WWI mass grave could contain remains of Lethbridge highlanders


Situated two hours southeast of Calgary in Canada, the city of Lethbridge is the fourth largest in Southern Alberta with a present day population of just over 90,000.

A century ago, the population was only 10,000, and the Lethbridge Daily Herald announced that on December 22nd, 1915 that they had been authorised to raise a battalion named the 113th Battalion Lethbridge Highlanders. Just under a year later the 900 men of the new battalion sailed for England, where they were absorbed into the 17th reserve battalion of the Canadian Expeditionary Force.

Early April 1917 found the battalion in Southern France, where the Canadian troops had been ordered to mount an assault on Vimy Ridge. This four and as half mile ridge was heavily defended by the Germans, as it afforded a commanding view over the Allied troops’ trenches.

An earlier attack by French troops had failed with over 100,000 men killed, and the Canadians had to cross open country to reach the ridge. Before the assault, Canadian engineers constructed tunnels so troops to get to the ridge in greater safety.

The objective of the Canadian Corps was to take control of the German-held high ground along an escarpment at the northernmost end of the Arras Offensive. This would ensure that the southern flank could advance without suffering German enfilade fire. Supported by a creeping barrage, the Canadian Corps captured most of the ridge during the first day of the attack.

The town of Thélus fell during the second day of the attack, as did the crest of the ridge once the Canadian Corps overcame a salient of considerable German resistance. The final objective, a fortified knoll located outside the town of Givenchy-en-Gohelle, fell to the Canadian Corps on 12 April. The German forces then retreated to the Oppy–Méricourt line.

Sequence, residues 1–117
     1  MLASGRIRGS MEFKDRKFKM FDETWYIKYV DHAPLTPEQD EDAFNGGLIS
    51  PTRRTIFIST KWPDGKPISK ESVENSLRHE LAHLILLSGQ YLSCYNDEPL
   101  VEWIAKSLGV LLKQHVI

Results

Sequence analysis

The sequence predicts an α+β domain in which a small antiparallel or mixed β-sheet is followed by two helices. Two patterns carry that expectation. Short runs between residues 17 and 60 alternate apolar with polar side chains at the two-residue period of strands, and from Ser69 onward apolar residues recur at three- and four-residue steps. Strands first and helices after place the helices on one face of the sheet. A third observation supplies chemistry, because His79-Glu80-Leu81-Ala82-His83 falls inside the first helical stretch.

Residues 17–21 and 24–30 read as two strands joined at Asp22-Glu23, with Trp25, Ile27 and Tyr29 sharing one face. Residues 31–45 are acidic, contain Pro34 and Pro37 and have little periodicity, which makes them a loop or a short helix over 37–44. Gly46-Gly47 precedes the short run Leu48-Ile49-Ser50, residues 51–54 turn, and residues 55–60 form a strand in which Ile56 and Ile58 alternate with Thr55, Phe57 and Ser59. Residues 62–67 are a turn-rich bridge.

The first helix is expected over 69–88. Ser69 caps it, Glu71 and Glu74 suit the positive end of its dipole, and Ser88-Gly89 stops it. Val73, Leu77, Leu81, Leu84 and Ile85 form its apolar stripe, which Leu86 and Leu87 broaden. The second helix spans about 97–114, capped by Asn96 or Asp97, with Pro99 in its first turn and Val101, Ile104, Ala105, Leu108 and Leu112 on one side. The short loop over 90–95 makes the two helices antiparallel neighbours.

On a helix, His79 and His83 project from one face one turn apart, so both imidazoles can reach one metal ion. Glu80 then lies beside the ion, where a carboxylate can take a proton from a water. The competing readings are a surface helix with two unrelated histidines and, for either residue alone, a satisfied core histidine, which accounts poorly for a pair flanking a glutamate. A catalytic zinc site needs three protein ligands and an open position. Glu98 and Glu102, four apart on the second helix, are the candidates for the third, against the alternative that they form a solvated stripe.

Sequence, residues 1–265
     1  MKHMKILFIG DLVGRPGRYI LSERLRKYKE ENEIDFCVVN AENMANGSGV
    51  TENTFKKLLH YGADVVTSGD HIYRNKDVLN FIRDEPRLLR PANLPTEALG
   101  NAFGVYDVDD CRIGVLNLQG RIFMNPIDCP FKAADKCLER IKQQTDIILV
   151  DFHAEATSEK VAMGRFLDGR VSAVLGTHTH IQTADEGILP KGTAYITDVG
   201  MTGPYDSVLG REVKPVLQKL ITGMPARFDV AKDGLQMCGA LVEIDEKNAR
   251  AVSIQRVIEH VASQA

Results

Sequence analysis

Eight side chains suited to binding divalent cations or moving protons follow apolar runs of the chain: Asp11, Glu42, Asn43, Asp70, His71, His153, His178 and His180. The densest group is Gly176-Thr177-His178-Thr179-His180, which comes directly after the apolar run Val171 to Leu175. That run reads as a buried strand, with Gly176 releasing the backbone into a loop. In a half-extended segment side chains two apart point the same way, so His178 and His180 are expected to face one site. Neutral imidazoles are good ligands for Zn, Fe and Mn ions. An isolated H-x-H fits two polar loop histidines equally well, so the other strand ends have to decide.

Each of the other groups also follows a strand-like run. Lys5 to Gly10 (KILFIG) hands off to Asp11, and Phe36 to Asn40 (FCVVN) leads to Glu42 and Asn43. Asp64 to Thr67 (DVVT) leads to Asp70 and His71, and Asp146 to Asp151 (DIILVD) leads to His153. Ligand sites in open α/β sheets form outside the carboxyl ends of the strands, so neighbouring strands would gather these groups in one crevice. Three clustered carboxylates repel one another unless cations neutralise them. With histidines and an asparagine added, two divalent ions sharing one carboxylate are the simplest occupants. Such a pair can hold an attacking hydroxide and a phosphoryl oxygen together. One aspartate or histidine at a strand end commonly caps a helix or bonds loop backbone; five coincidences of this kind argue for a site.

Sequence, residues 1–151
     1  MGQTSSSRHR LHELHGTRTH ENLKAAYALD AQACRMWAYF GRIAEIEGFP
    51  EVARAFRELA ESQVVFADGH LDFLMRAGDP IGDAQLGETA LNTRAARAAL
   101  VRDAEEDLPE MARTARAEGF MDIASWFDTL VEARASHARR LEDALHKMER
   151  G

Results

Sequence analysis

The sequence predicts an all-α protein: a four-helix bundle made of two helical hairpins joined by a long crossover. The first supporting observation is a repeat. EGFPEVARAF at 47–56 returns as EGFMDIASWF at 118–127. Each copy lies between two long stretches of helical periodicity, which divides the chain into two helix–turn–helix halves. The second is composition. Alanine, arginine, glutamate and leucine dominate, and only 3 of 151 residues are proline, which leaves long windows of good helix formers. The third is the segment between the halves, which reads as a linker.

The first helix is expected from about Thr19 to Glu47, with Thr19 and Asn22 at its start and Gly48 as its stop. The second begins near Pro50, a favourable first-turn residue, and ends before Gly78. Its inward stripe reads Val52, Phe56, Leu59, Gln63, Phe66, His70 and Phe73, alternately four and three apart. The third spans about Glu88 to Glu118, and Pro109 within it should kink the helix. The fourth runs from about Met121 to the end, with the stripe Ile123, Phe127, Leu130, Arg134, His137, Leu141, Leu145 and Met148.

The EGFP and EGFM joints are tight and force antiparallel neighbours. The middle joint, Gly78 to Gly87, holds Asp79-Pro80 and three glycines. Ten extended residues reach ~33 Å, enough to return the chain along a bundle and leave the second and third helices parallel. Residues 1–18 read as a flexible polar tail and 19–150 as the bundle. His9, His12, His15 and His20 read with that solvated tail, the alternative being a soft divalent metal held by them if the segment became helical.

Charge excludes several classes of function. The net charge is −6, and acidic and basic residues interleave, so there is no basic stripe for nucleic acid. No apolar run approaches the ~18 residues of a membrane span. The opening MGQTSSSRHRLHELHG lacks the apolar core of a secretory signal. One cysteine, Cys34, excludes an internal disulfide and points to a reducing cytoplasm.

More than 15,000 Canadian Infantry in four divisions began their attack at 5:30 in the morning of April 9th, 1917. Fierce fighting went on for four days and by the time the battle was over, 100 of the 600 Lethbridge Highlanders lay dead or died later from their wounds. It was a victory won at great cost.

Altogether, 3598 Canadians were killed with another 7000 wounded. It was the first time that the four divisions with men from all parts of Canada, had fought together, and it was a victory that in many peoples’ minds marked the birth of the Canadian nation, The Vauxhall Advance reports.

In 1922, the French government granted the free use of 100 hectares at Vimy Ridge for the erection of a memorial to the men who died in the battle. The land has been granted ‘for all time’.

Some of the men killed in action were buried in temporary mass graves on the battlefield, and although most of them were later exhumed and re-buried in War-grave cemeteries some were not.  One of the mass graves contained the bodies of 44 men, ten of whom were Lethbridge Highlanders, and their remains have been there for almost 100 years.

The grave was located in 2014, and work is now underway to identify the men so that they can finally be buried with military honours.

Ian Harvey

Ian Harvey is one of the authors writing for WAR HISTORY ONLINE